Read the number of the float that you can see on the water surface in the middle of the dam. i.e. if the float says number 4 then it tells you the depth of water in the middle of the dam is 4 metres.

Using Step 1 example and from the newly measures depth of 4 metres we can now calculate volume of water currently present in the dam.

Example cont’d:  Volume = Surface Area (m) x Depth (m)
= 1200 x 4
= 4800 cubic metres

Step 3:  Factor in the true volume of dams due to different shapes of dams.

Please note to take account of the shape of the dam not being square. Dams shapes can be triangle, round, circular or rectangle thus not all calculations are straight forward. To take account of weathering of dam banks and skirts from dams that were square in shape that have become more rounder multiply the volume by 0.4 to give the true volume of the dam.

Example cont’d: 4800 x 0.4 = 1920 cubic metres.

Step 4: Calculate the capacity of the water storage.

Finally, you can calculate in Mega litres (ML) the capacity of water you have in this dam on farm. This will enable you to compare what water you have as a resource for each dam you have on your property. Divide the dam’s volume of water in cubic metres by one thousand.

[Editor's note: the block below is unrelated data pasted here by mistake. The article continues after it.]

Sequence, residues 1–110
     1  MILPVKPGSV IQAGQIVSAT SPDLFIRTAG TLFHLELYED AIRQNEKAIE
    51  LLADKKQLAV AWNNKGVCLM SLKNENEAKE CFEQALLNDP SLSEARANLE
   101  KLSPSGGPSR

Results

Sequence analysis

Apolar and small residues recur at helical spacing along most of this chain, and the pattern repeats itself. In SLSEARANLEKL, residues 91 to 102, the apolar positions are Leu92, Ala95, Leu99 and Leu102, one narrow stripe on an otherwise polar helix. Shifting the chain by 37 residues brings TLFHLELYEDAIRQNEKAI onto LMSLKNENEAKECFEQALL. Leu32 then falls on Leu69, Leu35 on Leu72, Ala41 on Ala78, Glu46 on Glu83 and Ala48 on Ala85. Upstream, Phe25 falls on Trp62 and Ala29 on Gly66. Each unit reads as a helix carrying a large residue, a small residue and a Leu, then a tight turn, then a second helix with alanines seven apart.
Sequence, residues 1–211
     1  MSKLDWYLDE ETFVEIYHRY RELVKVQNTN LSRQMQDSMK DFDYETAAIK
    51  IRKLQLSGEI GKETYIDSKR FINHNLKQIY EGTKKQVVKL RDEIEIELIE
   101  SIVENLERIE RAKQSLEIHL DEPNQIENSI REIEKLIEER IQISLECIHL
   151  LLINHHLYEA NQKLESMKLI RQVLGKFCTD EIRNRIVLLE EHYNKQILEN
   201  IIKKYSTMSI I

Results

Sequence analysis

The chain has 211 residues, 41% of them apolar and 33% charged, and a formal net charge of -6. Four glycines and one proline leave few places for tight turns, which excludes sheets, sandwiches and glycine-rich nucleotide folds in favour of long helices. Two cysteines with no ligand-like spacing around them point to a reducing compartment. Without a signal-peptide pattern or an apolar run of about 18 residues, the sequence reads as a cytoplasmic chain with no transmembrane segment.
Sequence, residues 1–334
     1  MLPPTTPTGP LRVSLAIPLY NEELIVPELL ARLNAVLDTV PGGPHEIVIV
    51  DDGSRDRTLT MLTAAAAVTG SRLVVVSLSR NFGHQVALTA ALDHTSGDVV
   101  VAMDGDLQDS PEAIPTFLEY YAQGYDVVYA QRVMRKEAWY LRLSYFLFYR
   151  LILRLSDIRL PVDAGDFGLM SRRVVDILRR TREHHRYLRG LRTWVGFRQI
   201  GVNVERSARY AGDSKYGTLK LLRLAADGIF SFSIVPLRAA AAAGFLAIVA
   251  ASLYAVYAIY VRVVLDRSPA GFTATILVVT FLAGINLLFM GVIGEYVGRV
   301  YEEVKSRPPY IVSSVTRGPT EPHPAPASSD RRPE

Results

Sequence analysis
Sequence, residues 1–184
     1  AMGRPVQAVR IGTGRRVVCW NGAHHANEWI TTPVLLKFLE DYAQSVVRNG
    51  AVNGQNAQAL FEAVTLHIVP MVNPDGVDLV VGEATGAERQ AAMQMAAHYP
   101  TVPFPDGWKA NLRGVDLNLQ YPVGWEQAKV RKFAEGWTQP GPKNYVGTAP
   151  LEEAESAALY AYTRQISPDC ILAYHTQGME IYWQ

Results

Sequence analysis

Example cont’d: 1920 cubic metres / 1000
= 1.92 mega litres (ML).

Repeat this process across all dam storages on farm and regularly over summer to monitor water levels on hand.

What are the water requirements of stock?

Knowing how much water your livestock consumes per day is critical in helping livestock producers plan for the upcoming heat of summer.

According to the different type of stock, stage of the animal’s growth, age or production status e.g lactating, each animal’s requirements may vary. Table 1 shows the average daily water requirements for different livestock.

Water quality is also key consideration; as water decrease the water quality can change and may cause reduced intake. Other consideration’s that effect animal’s daily intake includes water temperature, salt levels in water and seasonal conditions. In drought events where feeds ration contains a higher fibre component, this will result in increased water consumption to ensure movement of feed through the gut.  During this time evaporation rates will also increase and reduce the overall water available.

How many estimated days of water do I have for my livestock operations?

Use the following deductions;

Water to supply stock (days) = Estimated total usable water (ML) / Stock water requirements per day for current stock (ML/day).

Example:  a mob of 1000 dry ewes would consume an average of 6 Litres a day (refer to Table 1 above) each on grass pastures.  From Step 4 example (above) we see that the dam has 1.92 ML of water left in it currently.
Water to supply stock (days) = 1.92/ 0.006
= 320 (days)
Therefore, this dam will have an estimate of approximately 320 days of water for 1000 dry ewes.

For more information:


Alastair Rayner – Rayner Ag, Tamworth

Department of Primary Industries.